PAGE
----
A: ATI has not ruled out selling an ADC retail card. I'm curious to know whether there is significant demand for one. The primary reason we chose not make the RADEON 8500 an ADC card was to enable customers to attach the widest variety of display types and ensure that customers could conveniently attach two CRT's if they want to do so. Though Apple's Cinema and Studio displays are cool, non-Apple displays are still predominant among Power Mac users. Dr. Bott and Gefen make adaptors that enable our RADEON 8500 to support ADC displays so the capability is there. The new RADEON 7500 for Apple is an ADC card so we could theoretically offer a version of it as a retail product but we do not have plans to do so at the present time.
Q: Are there any plans for an "All in Wonder" Mac ATI graphics card in the future?
A: This is a very popular question. We are actively investigating the possibilities but there are several hurdles that need to be overcome. We have not ruled it out but we have nothing to announce at this time.
Q: Has ATI tested the 8500 and 7000 with DrBott's DVIator to allow use of an Apple ADC LCD display?
(some past reports here of noise in the display with this adapter and the 17" apple LCD, due to the adapter/Pwr Supply I suspect.)
A: We bought a whole bunch of DVIators in San Francisco for Macworld Expo to lend to game developers and other partners who were showing off our RADEON 8500 and RADEON 7000 boards with Apple displays. They work great!
Q: ATI's Radeon drivers currently note OS 9/QT 5 is required, yet some readers have used them with OS 8.6. Can you explain why OS 9/QT 5 is required?
(this is a common question for older Mac owners considering ATI PCI card purchases.)
A: Our drivers have numerous dependencies on Open GL and QT5 which necessitated this requirement. It is unfortunate but it is tough to add new features and maintain existing functionality for older versions of the OS.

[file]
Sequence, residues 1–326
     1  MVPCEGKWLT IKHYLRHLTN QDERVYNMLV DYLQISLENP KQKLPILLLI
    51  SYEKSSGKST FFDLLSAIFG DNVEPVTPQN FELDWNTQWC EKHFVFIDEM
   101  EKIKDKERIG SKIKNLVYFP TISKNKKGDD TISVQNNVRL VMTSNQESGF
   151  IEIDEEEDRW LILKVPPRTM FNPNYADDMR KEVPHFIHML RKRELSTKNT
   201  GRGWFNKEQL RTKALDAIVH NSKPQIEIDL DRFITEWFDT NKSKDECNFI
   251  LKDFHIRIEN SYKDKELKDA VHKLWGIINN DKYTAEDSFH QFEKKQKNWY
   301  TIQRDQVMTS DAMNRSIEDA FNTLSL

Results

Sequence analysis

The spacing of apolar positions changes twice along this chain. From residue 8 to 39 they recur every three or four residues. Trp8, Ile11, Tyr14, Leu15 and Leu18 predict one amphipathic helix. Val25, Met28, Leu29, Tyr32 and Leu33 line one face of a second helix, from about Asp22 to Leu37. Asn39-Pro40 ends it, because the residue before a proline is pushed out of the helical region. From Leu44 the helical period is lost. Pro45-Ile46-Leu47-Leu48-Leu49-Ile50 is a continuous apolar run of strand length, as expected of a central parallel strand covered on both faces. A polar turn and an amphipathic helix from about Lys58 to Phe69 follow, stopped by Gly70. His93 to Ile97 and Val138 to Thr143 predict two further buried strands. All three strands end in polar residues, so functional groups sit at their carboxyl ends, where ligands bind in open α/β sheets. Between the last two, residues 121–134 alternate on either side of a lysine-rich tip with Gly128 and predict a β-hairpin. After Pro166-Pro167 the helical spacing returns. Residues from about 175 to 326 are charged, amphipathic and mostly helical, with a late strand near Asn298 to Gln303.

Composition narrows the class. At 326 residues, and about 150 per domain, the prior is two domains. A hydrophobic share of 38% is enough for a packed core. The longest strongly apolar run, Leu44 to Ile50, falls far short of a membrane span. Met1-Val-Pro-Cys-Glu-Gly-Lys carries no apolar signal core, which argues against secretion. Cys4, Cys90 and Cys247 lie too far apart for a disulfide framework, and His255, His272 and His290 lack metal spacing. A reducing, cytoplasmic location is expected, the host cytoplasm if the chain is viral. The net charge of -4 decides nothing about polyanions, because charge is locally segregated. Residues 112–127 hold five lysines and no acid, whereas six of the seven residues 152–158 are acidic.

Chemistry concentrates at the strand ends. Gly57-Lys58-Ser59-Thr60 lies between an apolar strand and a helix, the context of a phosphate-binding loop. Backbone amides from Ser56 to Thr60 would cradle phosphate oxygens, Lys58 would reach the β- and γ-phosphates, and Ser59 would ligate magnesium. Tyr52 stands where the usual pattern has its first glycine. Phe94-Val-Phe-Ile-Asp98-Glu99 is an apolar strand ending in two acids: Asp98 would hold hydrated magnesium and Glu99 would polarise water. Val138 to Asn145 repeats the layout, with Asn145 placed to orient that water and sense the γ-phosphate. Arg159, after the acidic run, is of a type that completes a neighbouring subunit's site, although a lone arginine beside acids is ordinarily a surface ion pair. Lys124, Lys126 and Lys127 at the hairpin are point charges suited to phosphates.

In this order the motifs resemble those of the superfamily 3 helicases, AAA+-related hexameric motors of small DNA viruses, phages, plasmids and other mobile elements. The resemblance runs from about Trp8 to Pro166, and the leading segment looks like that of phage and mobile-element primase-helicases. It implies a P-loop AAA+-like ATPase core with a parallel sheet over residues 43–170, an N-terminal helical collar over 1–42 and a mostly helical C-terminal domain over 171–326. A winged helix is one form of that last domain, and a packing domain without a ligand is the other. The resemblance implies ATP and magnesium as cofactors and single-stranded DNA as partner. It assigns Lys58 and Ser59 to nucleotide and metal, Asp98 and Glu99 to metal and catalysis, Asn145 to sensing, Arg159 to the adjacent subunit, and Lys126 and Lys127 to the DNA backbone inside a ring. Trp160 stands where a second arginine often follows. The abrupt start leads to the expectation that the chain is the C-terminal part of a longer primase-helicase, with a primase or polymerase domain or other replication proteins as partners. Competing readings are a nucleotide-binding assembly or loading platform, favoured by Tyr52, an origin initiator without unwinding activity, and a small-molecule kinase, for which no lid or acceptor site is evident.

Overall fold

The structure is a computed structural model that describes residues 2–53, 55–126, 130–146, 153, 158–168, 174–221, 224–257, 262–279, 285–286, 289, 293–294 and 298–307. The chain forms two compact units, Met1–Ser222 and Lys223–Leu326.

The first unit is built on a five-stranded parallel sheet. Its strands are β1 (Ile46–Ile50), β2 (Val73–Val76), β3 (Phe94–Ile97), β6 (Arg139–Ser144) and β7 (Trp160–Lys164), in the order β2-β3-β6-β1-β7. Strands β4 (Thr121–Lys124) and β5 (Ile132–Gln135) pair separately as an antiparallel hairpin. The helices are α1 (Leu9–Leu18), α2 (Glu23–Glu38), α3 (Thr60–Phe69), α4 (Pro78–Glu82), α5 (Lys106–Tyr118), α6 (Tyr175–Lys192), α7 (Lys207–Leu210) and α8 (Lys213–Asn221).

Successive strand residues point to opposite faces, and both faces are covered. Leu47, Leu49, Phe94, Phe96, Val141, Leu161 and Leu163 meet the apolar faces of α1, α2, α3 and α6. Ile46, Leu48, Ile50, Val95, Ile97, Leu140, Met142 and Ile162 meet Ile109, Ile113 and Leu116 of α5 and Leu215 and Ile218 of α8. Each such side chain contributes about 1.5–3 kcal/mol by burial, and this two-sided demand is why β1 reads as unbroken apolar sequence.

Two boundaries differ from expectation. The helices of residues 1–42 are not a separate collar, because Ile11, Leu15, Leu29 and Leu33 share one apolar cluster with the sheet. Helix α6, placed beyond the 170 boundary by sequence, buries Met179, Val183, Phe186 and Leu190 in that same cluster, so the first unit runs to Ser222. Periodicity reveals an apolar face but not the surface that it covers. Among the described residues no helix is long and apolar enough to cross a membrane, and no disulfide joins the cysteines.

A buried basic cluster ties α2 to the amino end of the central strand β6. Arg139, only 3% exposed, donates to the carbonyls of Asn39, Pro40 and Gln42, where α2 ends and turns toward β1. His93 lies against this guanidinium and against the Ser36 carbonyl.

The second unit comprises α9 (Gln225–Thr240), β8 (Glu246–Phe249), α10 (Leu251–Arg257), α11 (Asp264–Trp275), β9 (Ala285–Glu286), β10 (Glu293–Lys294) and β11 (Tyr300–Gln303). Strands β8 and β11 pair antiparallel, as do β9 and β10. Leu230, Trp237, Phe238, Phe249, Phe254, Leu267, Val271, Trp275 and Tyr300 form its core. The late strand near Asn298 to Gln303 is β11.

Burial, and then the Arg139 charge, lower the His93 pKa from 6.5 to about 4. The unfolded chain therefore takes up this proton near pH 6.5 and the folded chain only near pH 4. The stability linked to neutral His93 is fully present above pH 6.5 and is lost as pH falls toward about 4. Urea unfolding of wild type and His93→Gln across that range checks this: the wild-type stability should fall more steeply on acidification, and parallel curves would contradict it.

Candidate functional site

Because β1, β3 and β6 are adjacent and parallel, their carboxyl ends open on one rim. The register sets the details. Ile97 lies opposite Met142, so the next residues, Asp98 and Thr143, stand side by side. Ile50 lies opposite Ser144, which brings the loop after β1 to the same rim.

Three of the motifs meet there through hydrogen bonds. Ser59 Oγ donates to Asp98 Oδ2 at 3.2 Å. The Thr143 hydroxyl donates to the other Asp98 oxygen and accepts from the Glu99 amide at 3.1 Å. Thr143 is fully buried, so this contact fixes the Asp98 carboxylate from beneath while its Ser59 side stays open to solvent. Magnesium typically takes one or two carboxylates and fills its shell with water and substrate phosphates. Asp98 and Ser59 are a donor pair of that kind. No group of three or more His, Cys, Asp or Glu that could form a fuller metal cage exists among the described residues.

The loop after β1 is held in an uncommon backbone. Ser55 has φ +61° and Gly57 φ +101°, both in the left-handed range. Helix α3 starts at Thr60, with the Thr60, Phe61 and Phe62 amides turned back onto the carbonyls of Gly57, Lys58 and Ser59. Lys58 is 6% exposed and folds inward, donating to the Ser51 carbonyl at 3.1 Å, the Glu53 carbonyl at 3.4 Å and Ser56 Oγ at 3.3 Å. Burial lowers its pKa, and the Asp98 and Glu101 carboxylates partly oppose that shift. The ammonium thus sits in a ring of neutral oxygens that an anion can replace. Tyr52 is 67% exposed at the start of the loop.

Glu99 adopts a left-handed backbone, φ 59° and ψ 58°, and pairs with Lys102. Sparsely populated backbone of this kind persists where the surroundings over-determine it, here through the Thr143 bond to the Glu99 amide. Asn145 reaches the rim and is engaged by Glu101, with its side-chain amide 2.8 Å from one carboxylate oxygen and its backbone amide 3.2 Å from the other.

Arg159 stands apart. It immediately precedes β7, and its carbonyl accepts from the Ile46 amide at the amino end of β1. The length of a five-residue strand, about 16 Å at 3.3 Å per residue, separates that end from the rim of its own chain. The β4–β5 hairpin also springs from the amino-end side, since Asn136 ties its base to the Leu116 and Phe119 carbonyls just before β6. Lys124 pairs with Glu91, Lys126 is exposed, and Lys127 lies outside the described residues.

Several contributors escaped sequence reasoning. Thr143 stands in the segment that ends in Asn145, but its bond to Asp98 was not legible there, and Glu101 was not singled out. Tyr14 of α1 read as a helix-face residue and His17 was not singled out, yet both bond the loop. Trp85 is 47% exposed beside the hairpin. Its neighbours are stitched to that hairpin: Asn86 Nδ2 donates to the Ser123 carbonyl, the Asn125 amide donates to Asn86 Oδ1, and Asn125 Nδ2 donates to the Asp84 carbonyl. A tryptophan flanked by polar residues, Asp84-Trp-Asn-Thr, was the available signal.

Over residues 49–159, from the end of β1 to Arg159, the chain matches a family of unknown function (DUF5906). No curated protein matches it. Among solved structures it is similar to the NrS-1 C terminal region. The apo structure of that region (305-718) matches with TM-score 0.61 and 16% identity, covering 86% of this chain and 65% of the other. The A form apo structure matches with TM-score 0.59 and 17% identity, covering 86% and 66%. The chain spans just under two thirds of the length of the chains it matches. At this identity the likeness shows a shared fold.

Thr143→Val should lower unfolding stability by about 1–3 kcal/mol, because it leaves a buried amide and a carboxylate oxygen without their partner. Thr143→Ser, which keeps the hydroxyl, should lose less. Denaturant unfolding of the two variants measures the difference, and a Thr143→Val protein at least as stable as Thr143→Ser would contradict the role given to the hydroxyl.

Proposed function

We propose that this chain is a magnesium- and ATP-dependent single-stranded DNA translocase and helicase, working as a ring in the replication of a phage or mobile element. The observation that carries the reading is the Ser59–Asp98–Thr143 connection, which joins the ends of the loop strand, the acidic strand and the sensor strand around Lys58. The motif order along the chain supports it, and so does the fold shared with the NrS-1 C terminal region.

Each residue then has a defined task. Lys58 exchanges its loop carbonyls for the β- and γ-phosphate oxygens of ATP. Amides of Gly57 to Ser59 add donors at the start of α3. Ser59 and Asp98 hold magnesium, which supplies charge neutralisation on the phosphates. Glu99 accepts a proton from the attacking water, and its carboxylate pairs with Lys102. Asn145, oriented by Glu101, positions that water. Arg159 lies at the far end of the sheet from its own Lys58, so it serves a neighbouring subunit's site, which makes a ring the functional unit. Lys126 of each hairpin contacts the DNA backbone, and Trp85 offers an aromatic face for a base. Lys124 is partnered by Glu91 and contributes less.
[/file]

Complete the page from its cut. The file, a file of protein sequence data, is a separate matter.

Q: In the past, there's often been long periods between driver updates. (Two so far this year however.) Will there be more frequent updates this year? Has ATI considered offering beta versions to end users for testing/bug reporting/feedback?
(This is one of the most popular wish lists from ATI owners - even without official support, frequent beta driver releases would be a huge plus in my opinion, as I have discussed with various ATI people in the past.)
A: This is something that the ATI Mac team has been talking a lot about recently. We are definitely planning more frequent updates. In fact we have already done a couple so far this year.Apple's MacOS X softeware updates will probably necessitate more frequent update releases from us, plus there are feature and enhancement updates that we are considering as well.
Q: Are there any plans for a software update for previous cards like the VR128 to allow using all its features in OS X?
A: With all of the other projects we have on the go, including, a continual stream of Apple's software updates which we contribute to, our new retail and OEM products, new GPU's coming out all of the time and supporting current products with driver updares it is really hard to contemplate doing that kind of project. We are aware of the demand for X support for our older products, thanks to your site and others, so we are evaluating our ability to deliver some solutions there but I'd be lying if I didn't say it was a big challenge.
I didn't ask ATI about the 7500 Radeon Mobility (notebook) graphics chip being used in future PowerBooks, since I know they can't comment on any unannounced Apple products (although I suspect it will happen eventually). I recently ran some Quake3 tests on a PC notebook (1.2GHz Mobile PIII) with a 64MB DDR (128bit) 7500 Radeon Mobility and was floored at the performance. It delivered 45FPS rates in Quake3 at 1600x1200 32bit mode with HQ settings (no config file tweaks). That's higher than the GeForce4MX AGP card delivers in a Dual 1GHz G4 system at that resolution (which is 40FPS as noted in this graph).
That depressed me a bit, since I bought a new PB G4/667 last fall and I can't really afford (and stay married ;-) to buy a new PB G4
when/if the 7500 Mobility appears in a future PowerBook. I really wish Apple offered
some sort of trade-up or upgrade program for things like
this. (Or like Dell, had the graphics card in notebooks
mounted on a replaceable module - this would be a huge plus and I'd gladly pay a bit more for a PowerBook that had upgradeable component modules.)
For more info on ATI's Graphics cards including the Radeon 8500 (AGP) and 7000 (PCI) Mac editions, see their website.
For previous reviews of ATI and other Mac graphics cards, driver feedback and others graphics card reviews/articles - see the Video topics page.